Do you ever wonder if your child demonstrates leadership?
Colleges look for students who demonstrate leadership and have a track record of community service. Contrary to popular opinion, just volunteering at a food bank giving out food to the needy is not the highest form of service. And neither is holding a title such as “President” of a club (especially if you do not do very much while holding a title). What exactly is leadership?
It’s not easy to define, and developing soft skills such as leadership is a long-term process. Learning about leadership is one thing. Putting it into action is another.
Many students are natural “leaders” and do not need any help in this area, but other students really need support and guidance from a mentor in order to take action. That’s why we’ve started a new program at Ivy League Potential: Leadership Academy!
Your child can work one-on-one with a mentor over a period of 15 weeks to start a nonprofit, found a club, or start a community service initiative.
If the student is starting a nonprofit, he or she will learn about creating a legal entity, how to find board members, and fundraising.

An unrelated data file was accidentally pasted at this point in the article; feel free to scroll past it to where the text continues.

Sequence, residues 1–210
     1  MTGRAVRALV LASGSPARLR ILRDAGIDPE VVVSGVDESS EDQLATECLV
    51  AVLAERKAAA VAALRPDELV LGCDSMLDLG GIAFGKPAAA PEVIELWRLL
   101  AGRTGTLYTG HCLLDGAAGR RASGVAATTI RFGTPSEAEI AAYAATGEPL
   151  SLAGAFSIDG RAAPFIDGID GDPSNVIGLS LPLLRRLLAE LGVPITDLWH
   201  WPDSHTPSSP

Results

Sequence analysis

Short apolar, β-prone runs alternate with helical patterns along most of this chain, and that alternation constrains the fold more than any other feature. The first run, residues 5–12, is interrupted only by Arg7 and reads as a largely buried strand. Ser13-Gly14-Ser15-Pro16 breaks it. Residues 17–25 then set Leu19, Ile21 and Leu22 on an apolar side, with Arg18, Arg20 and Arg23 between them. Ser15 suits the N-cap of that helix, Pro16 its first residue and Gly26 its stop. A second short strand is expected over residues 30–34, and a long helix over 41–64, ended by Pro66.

Students will do a deep dive in their chosen area of service through studying the work of Nobel Peace Prize winners, specifically tailored for high school students.
The time commitment for this program is approximately 3-4 hours per week and includes weekly one-hour meetings with a mentor, as well as email support between sessions.
As a bonus, students may be able to obtain a good letter of recommendation from a member of the community they serve, especially if they truly make a difference in someone’s life.
This program may be done individually or in small groups (if all the students are committed to the same initiative).